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Basic ropes on git stash command

Quick overview on what `git stash` is and some of the basic
commands to run with it.

Going with `git stash pop` as the default means of
extracting from the stack instead of `git stash apply`.
Former feels like the path of least surprise by taking
out what you've just put in.

As requested in #36
Soon Van 11 years ago
parent cfb6480f51
commit bf91400618

@ -51,6 +51,7 @@
<li><a href="/basic/#commit">commit</a></li>
<li><a href="/basic/#reset">reset</a></li>
<li><a href="/basic/#rm-mv">rm, mv</a></li>
<li><a href="/basic/#stash">stash</a></li>

@ -818,7 +818,113 @@ nothing to commit (working directory clean)
<p class="nutshell">
<strong>In a nutshell</strong>,
you run <code>git rm</code> to remove files from being tracked in Git. It
will also remove them from your working directory.</p>
will also remove them from your working directory.
<div class="box">
<span class="docs">
<a href="http://git-scm.com/docs/git-stash">docs</a> &nbsp;
<a href="http://git-scm.com/book/en/Git-Tools-Stashing">book</a>
<a name="stash">git stash</a>
<span class="desc">save changes made in the current index and working directory for later</span>
<div class="block">
<p>You're in the middle of some changes but something comes up that you
need to jump over to, like a so-urgent-right-now bugfix, but don't want
to commit or lose your current edits. <code>git stash</code> is there for you.
git stash
<small>add current changes to the stack</small>
<p>Stashing takes the current state of the working directory and index,
puts it on a stack for later, and gives you back a clean working directory.
It will then leave you at the state of the last commit.
<b>$ git status -s</b>
<span class="red">M</span> hello.rb
<b>$ git stash</b>
Saved working directory and index state WIP on master: 5857ac1 hello with a flower
HEAD is now at 5857ac1 hello with a flower
<b>$ git status</b>
# On branch master
nothing to commit (working directory clean)
git stash list
<small>view stashes currently on the stack</small>
<p>It's helpful to know what you've got stowed on the stash and this is where
<code>git stash list</code> comes in. Running this command will display a queue
of current stash items.
<b>$ git stash list</b>
stash@{0}: WIP on master: 5857ac1 hello with a flower
git stash pop
<small>remove item from the list and apply to current working directory</small>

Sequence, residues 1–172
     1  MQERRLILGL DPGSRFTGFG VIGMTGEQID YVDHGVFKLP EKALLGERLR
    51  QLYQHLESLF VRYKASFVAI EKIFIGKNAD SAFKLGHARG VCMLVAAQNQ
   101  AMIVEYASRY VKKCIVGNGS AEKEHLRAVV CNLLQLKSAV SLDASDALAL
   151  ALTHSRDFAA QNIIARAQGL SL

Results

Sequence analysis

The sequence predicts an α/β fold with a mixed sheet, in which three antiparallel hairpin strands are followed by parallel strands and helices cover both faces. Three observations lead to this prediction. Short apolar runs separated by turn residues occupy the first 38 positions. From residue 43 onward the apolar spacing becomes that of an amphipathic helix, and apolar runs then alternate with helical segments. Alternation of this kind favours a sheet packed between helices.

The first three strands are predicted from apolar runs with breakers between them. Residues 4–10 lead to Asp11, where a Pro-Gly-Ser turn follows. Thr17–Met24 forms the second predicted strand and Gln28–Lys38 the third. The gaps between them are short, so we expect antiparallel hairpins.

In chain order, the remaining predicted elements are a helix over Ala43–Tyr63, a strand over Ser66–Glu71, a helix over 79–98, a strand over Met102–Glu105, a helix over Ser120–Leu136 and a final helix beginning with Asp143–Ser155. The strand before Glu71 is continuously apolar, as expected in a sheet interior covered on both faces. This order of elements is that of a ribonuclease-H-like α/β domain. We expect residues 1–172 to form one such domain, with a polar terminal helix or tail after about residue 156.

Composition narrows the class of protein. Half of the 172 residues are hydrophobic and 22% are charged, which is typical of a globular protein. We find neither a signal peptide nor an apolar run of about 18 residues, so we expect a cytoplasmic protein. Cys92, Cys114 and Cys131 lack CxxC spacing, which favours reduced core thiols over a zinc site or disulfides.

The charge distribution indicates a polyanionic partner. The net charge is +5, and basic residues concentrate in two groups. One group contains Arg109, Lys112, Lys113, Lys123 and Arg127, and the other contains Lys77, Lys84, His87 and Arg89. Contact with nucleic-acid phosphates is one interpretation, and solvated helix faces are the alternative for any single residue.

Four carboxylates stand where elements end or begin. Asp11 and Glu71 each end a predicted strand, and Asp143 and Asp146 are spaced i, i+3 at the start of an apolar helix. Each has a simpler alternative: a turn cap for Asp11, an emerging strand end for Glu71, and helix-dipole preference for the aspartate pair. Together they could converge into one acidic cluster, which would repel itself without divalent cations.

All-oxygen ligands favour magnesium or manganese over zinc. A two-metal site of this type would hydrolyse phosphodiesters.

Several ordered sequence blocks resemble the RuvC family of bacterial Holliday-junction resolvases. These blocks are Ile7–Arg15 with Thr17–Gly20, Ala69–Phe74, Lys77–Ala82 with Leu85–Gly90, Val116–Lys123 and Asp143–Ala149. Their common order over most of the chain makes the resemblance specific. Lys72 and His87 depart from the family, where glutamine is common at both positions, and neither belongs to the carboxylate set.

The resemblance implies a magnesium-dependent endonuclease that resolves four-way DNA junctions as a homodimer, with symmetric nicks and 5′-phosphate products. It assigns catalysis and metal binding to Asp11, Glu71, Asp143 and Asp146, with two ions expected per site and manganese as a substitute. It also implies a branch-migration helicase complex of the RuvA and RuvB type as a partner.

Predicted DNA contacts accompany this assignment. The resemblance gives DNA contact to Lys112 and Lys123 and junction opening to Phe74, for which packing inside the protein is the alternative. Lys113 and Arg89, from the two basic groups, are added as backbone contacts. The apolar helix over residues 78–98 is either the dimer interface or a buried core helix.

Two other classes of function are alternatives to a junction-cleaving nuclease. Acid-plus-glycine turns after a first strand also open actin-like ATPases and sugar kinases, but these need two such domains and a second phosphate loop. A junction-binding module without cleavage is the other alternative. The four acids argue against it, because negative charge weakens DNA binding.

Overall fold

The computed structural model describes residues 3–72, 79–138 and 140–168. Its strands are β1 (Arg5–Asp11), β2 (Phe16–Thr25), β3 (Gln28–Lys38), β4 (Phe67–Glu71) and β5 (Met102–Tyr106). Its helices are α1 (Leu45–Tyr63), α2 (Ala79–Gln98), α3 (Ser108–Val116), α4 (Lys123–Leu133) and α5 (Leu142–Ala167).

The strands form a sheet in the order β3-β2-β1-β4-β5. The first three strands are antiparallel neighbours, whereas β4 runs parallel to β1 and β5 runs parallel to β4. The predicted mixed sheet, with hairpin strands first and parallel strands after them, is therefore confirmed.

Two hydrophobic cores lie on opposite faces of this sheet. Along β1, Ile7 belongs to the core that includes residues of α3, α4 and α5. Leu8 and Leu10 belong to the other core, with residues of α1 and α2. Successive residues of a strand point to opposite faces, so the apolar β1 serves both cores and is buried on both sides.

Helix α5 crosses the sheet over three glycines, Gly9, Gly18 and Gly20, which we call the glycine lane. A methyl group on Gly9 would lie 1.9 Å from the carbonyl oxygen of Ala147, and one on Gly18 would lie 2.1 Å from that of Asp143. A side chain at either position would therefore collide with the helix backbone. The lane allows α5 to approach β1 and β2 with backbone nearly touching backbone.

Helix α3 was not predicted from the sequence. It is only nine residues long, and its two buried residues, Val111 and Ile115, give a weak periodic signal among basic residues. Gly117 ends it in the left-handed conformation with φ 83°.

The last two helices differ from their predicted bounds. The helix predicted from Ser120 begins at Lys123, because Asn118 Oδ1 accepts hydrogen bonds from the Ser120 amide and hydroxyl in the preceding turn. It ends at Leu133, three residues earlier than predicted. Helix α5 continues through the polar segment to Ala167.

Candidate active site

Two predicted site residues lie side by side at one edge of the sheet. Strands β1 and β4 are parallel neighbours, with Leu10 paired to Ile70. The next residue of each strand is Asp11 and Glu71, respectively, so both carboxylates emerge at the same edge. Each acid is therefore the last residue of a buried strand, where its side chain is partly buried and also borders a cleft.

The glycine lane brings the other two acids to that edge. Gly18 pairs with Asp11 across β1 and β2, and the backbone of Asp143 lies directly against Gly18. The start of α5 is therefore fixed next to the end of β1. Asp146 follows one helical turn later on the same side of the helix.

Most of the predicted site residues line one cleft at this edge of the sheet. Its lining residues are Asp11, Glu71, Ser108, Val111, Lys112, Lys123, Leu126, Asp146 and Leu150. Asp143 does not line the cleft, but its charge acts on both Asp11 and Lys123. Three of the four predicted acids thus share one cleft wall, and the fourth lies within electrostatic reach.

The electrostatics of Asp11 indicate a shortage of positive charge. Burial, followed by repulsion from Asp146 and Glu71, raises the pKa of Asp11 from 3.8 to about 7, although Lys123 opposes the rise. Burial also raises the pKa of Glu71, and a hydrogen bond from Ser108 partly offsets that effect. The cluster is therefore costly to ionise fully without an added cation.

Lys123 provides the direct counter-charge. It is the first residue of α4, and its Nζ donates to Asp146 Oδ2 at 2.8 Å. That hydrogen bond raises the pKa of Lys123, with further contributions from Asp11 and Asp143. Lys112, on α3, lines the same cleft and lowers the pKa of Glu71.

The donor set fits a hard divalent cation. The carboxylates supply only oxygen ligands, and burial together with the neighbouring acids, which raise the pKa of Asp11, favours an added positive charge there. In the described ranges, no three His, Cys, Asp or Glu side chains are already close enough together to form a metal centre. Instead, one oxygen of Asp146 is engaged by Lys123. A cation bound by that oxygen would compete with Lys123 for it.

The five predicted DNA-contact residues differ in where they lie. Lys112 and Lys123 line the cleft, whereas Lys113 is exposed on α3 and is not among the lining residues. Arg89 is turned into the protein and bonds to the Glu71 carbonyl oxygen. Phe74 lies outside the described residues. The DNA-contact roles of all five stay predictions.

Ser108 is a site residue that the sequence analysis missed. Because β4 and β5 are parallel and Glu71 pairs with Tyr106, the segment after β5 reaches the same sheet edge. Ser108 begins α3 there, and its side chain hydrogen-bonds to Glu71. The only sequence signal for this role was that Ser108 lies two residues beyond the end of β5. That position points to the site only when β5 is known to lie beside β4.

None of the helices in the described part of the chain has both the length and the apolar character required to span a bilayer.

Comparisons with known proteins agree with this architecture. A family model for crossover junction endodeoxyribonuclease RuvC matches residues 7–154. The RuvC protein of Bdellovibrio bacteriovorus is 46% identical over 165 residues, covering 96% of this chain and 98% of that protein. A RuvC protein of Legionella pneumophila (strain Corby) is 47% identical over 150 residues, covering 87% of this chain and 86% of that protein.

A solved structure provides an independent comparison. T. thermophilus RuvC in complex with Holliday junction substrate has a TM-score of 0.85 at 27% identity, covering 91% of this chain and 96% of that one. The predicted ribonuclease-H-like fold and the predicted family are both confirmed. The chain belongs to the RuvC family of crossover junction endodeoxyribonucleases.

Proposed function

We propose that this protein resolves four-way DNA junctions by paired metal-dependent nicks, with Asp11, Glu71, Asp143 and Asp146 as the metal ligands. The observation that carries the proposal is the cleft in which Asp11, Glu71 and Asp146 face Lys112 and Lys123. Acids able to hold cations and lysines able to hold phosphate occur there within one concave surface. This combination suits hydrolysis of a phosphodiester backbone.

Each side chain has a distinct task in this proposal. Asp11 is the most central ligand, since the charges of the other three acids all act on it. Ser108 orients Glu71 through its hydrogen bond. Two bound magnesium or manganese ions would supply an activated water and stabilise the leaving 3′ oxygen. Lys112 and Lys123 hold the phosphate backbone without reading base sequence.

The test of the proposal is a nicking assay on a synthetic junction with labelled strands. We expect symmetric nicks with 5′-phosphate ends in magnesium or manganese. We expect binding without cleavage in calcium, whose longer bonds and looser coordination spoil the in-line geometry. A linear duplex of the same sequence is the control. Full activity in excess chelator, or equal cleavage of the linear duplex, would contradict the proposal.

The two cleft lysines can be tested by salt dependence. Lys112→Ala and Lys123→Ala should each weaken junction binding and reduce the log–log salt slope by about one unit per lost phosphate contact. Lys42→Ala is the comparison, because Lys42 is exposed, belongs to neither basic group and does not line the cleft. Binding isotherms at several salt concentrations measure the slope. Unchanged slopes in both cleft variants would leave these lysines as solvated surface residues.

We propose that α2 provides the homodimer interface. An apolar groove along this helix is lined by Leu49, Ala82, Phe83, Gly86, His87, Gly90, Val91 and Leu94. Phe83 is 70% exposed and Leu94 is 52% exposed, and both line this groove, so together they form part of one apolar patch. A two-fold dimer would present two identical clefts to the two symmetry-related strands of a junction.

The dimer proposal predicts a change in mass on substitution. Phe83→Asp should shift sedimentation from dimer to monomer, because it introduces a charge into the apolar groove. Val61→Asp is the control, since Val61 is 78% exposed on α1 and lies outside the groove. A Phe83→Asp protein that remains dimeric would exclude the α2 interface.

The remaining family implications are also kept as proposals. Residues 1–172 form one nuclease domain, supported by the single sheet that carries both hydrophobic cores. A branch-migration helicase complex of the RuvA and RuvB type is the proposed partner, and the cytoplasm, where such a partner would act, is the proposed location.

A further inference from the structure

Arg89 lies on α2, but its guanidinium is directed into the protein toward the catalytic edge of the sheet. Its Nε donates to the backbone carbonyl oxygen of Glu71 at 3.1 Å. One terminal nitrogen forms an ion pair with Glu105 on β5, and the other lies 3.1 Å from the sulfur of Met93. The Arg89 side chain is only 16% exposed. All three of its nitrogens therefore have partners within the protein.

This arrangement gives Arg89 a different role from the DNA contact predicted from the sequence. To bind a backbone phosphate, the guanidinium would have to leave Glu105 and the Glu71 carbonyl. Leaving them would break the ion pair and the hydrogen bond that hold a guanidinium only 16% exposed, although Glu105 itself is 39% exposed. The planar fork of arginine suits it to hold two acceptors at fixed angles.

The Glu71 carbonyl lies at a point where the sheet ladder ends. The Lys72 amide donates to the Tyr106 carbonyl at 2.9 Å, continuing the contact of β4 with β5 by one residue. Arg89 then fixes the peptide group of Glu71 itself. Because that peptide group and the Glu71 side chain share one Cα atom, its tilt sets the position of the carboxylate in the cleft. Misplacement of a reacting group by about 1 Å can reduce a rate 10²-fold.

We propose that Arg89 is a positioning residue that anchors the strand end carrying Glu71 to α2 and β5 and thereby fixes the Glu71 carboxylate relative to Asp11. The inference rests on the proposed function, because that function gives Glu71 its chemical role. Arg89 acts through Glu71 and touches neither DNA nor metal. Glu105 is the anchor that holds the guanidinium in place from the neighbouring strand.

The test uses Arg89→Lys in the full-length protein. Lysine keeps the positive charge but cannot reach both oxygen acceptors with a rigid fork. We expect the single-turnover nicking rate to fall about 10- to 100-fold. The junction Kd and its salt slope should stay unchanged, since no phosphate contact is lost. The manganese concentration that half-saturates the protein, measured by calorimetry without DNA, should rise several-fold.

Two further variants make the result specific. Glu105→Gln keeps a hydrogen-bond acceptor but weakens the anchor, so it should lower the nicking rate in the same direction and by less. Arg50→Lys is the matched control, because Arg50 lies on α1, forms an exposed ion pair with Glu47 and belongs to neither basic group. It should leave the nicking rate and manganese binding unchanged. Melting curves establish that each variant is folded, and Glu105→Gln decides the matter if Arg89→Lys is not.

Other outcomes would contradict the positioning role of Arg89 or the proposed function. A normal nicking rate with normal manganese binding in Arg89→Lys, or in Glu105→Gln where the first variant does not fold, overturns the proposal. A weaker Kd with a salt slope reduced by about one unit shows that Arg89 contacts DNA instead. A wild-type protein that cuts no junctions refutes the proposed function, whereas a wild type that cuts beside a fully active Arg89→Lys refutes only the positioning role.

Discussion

<p>After you've done the changes you were called away for, and you're ready to
continue from where you left off, run the <code>git stash pop</code> command
to bring back the working directory to that state and remove it from the stash list.
<b>$ git stash pop</b>
# On branch master
# Changes not staged for commit:
# (use "git add &lt;file>..." to update what will be committed)
# (use "git checkout -- &lt;file>..." to discard changes in working directory)
# <span class="red">modified: hello.rb</span>
no changes added to commit (use "git add" and/or "git commit -a")
Dropped refs/stash@{0}: (14ddbc6f2c26330e33d08faf15d88f816b6cbd45)
<p>By default it will reapply the last added stash item to the working
directory. This will be the item referenced by <code>stash@{0}</code>.
You can grab another stash item instead if you reference it in the arguments
list. For example, <code>git stash pop stash@{1}</code> will apply the item
referenced by <code>stash@{1}</code>.
<p>If you want to leave the item on the stack, use
<code>git stash apply</code> instead.
git stash clear
<small>remove all items from the stash list</small>
<p>When you're done with the stash and/or you want to remove of all the
stored items, just run the <code>git stash clear</code> command. But only
do this if you're sure you're done with the stash.
<p class="nutshell">
<strong>In a nutshell</strong>, run <code>git stash</code> to quickly save
some changes that you're not ready to commit or save, but want to come
back to while you work on something else.